Submitted to: General and Comparative Endocrinology
Publication Type: Peer reviewed journal
Publication Acceptance Date: 5/7/2003
Publication Date: 10/1/2003
Citation: Drennon, K., Moriyama, S., Kawauchi, H., Small, B.C., Silverstein, J., Parhar, I., Shepherd, B. 2003. Development of an enzyme-linked immunosorbent assay (elisa) for the measurement of plasma growth harmone (gh) levels in channel catfish (ictalurus punctatus): assessment of environmental salinity and gh-secretagogues on plasm. General and Comparative Endocrinology. 133:314-322. Interpretive Summary: A technique and assay to measure blood levels of an important hormone in the growth axis, growth hormone (GH), was developed for channel catfish. This is an entirely new assay and should be a tremendous tool for working on growth and many other traits in channel catfish. In addition, two treatments expected to cause a rise in blood GH levels were conducted and found to lead to the expected rise in GH levels. These experiments served to validate the technique of GH measurement and demonstrate that channel catfish respond to both salinity increase and to injection of other stimulatory hormones by releasing more GH.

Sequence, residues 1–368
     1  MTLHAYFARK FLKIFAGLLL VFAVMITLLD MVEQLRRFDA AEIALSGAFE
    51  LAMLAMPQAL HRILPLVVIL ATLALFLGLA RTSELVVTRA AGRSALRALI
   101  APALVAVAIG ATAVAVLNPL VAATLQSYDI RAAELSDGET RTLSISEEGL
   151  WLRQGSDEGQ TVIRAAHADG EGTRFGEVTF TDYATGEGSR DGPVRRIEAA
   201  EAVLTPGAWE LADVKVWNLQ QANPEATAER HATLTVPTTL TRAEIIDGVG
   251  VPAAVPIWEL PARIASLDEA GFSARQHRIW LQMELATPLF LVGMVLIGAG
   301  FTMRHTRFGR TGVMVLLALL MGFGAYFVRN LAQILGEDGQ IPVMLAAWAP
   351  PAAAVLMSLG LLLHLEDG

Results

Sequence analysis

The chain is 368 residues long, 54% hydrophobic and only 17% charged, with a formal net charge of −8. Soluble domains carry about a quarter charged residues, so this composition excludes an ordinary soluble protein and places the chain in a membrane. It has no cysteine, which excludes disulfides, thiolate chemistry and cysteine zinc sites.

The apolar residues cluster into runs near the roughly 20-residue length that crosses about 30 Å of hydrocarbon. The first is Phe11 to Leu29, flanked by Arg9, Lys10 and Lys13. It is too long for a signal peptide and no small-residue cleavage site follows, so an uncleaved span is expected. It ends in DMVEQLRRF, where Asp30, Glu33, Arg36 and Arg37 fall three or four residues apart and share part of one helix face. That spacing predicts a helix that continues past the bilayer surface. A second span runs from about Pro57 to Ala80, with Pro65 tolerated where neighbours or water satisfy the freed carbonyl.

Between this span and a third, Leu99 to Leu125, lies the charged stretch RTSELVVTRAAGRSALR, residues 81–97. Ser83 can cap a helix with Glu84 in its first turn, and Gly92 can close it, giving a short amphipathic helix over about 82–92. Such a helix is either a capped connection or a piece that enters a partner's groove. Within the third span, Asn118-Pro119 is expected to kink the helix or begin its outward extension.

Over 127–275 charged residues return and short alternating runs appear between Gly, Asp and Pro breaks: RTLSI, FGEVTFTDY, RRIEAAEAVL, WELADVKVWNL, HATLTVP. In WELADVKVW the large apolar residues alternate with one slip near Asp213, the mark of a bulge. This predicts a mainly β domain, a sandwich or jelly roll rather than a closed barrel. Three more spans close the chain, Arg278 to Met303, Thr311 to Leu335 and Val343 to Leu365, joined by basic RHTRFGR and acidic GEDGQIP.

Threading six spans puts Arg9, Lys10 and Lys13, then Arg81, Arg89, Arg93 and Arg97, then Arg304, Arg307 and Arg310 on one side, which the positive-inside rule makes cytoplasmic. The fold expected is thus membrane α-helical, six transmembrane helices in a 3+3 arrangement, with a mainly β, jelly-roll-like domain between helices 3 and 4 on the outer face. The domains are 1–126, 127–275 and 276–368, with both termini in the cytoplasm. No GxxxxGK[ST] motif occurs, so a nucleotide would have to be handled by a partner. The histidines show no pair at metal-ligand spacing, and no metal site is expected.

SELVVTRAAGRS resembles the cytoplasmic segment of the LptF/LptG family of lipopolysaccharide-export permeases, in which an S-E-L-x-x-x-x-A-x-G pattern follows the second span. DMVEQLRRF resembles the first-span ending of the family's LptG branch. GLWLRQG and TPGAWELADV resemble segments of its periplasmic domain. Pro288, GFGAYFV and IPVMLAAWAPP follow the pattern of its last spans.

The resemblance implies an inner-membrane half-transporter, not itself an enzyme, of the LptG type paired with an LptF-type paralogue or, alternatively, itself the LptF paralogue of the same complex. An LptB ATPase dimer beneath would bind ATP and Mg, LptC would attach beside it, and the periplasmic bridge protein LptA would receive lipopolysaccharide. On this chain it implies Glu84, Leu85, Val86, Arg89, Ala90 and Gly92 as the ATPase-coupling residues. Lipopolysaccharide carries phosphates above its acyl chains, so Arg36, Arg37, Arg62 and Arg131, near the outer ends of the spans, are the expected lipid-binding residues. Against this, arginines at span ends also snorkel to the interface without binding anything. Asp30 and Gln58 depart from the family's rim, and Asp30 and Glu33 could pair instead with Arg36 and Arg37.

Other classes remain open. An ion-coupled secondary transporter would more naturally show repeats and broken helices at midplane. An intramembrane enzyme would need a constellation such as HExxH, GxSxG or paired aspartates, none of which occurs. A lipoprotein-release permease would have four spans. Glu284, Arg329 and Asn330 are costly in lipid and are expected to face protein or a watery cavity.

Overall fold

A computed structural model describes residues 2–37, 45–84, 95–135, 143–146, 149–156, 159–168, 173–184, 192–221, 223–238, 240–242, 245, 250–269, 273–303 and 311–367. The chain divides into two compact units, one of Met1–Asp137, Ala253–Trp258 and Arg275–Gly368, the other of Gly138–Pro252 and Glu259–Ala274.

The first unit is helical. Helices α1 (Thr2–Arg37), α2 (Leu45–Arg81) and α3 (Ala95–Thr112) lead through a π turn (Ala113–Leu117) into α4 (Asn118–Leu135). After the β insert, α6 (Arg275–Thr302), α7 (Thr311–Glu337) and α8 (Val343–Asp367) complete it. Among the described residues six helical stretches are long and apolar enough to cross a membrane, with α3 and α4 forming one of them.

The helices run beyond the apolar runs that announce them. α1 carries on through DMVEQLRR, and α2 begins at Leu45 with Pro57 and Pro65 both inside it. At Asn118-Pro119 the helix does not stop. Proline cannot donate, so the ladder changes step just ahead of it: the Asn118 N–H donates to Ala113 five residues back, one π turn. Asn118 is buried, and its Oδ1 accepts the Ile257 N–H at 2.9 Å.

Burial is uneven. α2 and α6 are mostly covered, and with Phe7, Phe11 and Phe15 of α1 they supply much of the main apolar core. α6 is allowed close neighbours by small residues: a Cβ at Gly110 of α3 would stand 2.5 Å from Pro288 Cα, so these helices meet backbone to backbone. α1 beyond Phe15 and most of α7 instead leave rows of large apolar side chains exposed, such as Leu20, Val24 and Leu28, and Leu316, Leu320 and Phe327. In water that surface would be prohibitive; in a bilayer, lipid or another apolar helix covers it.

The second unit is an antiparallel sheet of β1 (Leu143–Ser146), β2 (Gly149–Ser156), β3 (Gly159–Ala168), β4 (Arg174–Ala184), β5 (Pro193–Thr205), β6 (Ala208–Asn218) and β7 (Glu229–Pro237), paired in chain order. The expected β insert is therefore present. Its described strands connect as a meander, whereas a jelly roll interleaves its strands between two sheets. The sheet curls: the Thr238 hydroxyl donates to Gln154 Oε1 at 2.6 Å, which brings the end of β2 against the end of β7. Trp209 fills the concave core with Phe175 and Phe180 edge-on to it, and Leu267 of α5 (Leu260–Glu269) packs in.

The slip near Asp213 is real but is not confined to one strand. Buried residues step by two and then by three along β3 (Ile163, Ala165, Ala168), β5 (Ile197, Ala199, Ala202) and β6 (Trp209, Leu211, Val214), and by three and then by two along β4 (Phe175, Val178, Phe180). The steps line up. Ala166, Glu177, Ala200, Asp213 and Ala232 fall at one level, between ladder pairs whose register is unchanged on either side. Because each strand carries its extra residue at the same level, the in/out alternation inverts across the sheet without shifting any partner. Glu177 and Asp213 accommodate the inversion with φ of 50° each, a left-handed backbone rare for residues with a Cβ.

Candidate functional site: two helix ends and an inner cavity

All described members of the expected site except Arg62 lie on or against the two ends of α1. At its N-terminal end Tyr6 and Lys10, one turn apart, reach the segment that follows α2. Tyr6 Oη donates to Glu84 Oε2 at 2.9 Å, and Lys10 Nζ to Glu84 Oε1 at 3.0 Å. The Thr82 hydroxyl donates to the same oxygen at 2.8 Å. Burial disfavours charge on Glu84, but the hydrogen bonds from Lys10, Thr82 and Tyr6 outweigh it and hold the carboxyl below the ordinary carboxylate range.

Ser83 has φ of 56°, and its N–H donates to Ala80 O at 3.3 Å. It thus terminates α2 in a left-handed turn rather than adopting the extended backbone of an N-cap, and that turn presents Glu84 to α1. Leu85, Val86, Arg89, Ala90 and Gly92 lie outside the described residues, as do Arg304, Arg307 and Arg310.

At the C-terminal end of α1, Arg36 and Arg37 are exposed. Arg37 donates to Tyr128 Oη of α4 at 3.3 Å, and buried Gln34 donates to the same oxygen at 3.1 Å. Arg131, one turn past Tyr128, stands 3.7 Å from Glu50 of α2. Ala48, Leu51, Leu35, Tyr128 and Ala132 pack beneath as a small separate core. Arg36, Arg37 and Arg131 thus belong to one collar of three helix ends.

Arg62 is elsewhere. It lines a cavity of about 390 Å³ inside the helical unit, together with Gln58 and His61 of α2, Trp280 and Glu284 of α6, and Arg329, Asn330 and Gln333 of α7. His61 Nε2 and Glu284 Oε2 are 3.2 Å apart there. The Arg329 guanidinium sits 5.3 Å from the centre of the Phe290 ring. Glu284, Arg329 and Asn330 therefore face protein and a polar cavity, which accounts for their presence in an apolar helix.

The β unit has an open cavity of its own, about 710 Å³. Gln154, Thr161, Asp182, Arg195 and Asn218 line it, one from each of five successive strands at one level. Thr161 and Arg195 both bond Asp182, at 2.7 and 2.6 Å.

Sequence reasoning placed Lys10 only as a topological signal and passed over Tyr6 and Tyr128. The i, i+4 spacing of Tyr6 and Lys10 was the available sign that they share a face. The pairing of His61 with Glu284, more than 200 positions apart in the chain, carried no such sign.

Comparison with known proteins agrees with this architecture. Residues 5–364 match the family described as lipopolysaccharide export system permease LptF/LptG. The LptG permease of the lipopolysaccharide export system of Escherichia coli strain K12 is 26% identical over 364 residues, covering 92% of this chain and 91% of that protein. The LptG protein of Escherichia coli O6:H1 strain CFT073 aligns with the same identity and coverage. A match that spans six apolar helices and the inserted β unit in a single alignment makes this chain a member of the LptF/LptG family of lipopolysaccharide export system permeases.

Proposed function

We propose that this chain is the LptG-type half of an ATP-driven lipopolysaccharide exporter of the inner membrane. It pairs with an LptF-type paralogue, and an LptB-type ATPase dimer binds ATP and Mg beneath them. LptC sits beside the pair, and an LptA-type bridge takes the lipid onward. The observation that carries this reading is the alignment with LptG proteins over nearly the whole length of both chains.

Technical Abstract: We report the development of a sensitive, and specific, competitive, antigen-capture enzyme-linked immunosorbent assay (ELISA) for the measurement of channel catfish (Ictalurus punctatus) growth hormone (cfGH). The detection limit of the assay (90% binding) was 2.0 ng/ml and the ED50 value was 67.3 ng/ml. Recovery assays showed that recovery of spiked plasma samples to be 102%. Dose-response inhibition curves using serially-diluted pituitary homogenates and plasma samples consistently showed parallelism with our standard curves using purified catfish GH. The GH antibody (rabbit anti-catfish GH) specificity was demonstrated in competitive binding curves employing heterologous hormones as well as purified channel catfish prolactin (PRL). These studies show that there was no significant binding of cfPRL (competitive inhibition of cfGH binding), or heterologous hormones, within the working range of the assay. To physiologically validate the assay, fresh water-adapted (FW) catfish were injected (100 mg/g body weight, 3 injections every 5 days) with either bovine GHRH1-29-amide or the synthetic hexapeptide GHRP-2 (KP-102: D-Ala-D-b-Nal-Ala-Trp-D-Phe-Lys-NH2) suspended in corn oil. Following the last injection, ½ of the animals were sampled for plasma and the remaining transferred to 12 ppt seawater (BW: brackish water). Twenty-four hours after transfer to BW, animals were again sampled for plasma. Plasma GH levels were significantly (P<0.001) elevated in all the BW groups (control, KP-102 and bGHRH), compared with the FW (fresh water) groups. In addition, plasma GH levels were significantly (P<0.001) elevated by treatment with either of the GH secretagogues, KP-102 or bGHRH. Our findings demonstrate that two mechanisms of GH elevation, one which is seen in euryhaline telesots (salinity-induced GH levels) and another, which has been recently described in teleosts (GHRP-induced GH levels), are present in the channel catfish which is a stenohaline teleost